Man called this new community Richmond Hill. “Richmond Hill” was also the name given to the 138 foot hill located north of Metropolitan Avenue on 116th Street. The name is believed to come from the London suburb of Richmond Hill, although some sources claim that it was named after Edward Richmond, the developer. Kew Gardens, originally North Richmond Hill, was established later in 1912. It was named after the town of Kew, England, near Richmond Hill, where the Royal Botanical Gardens are located.

Albon Man who developed Richmond Hill and his sons who later developed Kew Gardens generously donated property to the community for churches, schools, country clubs, and the Long Island Railroad Station.

Richmond Hill expanded to 400 acres when Man purchased the Bergen, Robertson, and Hendrickson Farms. The first house was built in 1869. In 1872 (considered the official “founding” of the community), the first Post Office was established and Public School 8 opened. In 1874, Richmond Hill’s first church, the Episcopal Church of the Resurrection was built. In 1875 Maple Grove Cemetery was created and the Long Island Railroad built its Richmond Hill Station at the corner of Myrtle Avenue and Lefferts Boulevard. Forest Park was created in 1894.

In 1895, Richmond Hill, Morris Park, and Clarenceville consolidated as the Village of Richmond Hill. The incorporation of the village was the outcome of an association of about 100 prominent citizens known as the Citizens’ Non-Partisan League. Alrick H. Man, the son of Albon Platt Man, became the first village president.

Between 1895 and 1898 the Richmond Hill Golf Course and Country Club was built in North Richmond Hill, the first Police Force was organized, Richmond Hill High School was founded, streets were graded, sidewalks laid, and street lights furnished. Stores opened along Jamaica and Atlantic Avenues.

In 1898, the Village of Richmond Hill, together with Queens County became part of New York City. In 1899, the Richmond Hill Free Library was founded. By 1905 there were between 12,000 and 15,000 houses in Richmond Hill. Many of these homes were built in the Queen Anne Victorian style.

In 1910, the Long Island Railroad opened a new station called “Kew” in North Richmond Hill on the site of what was once Crystal Lake. The neighborhood surrounding the station, then called Kew, separated from Richmond Hill in 1912. It was re-named Kew Gardens when the Kew Gardens Corporation was formed by the sons of Albon Man.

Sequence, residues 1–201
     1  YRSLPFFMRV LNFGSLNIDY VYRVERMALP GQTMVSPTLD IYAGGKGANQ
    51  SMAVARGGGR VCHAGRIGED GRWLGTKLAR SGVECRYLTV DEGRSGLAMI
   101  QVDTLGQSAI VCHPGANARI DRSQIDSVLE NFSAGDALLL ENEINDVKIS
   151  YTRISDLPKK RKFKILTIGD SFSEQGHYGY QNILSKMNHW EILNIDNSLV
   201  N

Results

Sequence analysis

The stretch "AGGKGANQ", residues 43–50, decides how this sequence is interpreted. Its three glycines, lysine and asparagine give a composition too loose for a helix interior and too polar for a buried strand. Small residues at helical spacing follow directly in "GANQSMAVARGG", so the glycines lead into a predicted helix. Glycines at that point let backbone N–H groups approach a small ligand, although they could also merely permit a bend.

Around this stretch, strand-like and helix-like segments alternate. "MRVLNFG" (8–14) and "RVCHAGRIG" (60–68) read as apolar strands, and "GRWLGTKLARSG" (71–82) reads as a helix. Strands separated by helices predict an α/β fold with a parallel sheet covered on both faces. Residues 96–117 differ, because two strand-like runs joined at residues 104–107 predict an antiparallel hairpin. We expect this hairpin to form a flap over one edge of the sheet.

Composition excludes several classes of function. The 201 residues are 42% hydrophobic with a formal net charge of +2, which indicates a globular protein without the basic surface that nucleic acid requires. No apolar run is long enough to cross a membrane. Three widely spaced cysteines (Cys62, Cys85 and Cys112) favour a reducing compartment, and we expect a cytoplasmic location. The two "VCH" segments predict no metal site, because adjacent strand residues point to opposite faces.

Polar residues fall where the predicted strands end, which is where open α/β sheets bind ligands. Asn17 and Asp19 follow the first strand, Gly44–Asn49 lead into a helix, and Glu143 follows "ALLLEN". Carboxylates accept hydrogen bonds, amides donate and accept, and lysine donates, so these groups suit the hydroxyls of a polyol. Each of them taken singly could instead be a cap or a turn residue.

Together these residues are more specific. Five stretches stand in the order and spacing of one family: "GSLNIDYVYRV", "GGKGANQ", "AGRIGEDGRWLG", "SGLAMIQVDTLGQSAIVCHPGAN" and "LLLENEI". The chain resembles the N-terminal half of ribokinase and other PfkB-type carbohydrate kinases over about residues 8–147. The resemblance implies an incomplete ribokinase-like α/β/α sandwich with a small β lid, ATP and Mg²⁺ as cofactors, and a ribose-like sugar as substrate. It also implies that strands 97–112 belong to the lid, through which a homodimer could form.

In 1917, the elevated line of the New York City subway system was extended along Jamaica Avenue to 111th Street, and in 1918 it was extended to 168th Street.

By the 1920s the terrain of Kew Gardens had been cleared, graded and built into the Kew Gardens Housing Development. It was considered a prime residential community. The private homes were designed in various Beaux-Arts Revival styles. Luxury apartment houses were built as well as the Kew Gardens Country Club, the First Church of Kew Gardens, P.S.99, and the Kew Gardens Inn.

A neo-Tudor village center with stores was built near the Kew Gardens railroad station. Lefferts Boulevard and Metropolitan Avenue became the main commercial strips.

The Union Turnpike/Kew Gardens subway stop on the Independent Line was opened in 1936. Queens Borough Hall, built in 1940, was Queens County’s first dedicated Borough Hall. The Queens Criminal Courthouse, adjacent to Queens Borough Hall, was completed in 1961.

Today, the communities of Richmond Hill and Kew Gardens are well established with houses of worship, private and public schools, clubs, active social and political groups, banks, restaurants, supermarkets, and a movie theatre.

More information about the communities of Richmond Hill and Kew Gardens is available from the following sources:


A Picture History of Kew Gardens: www.oldkewgardens.com
Richmond Hill Historical Society: www.richmondhillhistory.org


Images of America: Richmond Hill by Carl Ballenas and Nancy Cataldi
Kew Gardens: Urban Village in the Big City by Barry Lewis

A Peek at Richmond Hill through the History of Time by William Krooss

The Story of Richmond Hill by Kate Matson Post
Richmond Hill: A Children’s tale and Coloring Book by Carl Ballenas

Victorian Richmond Hill by the Queens Historical Society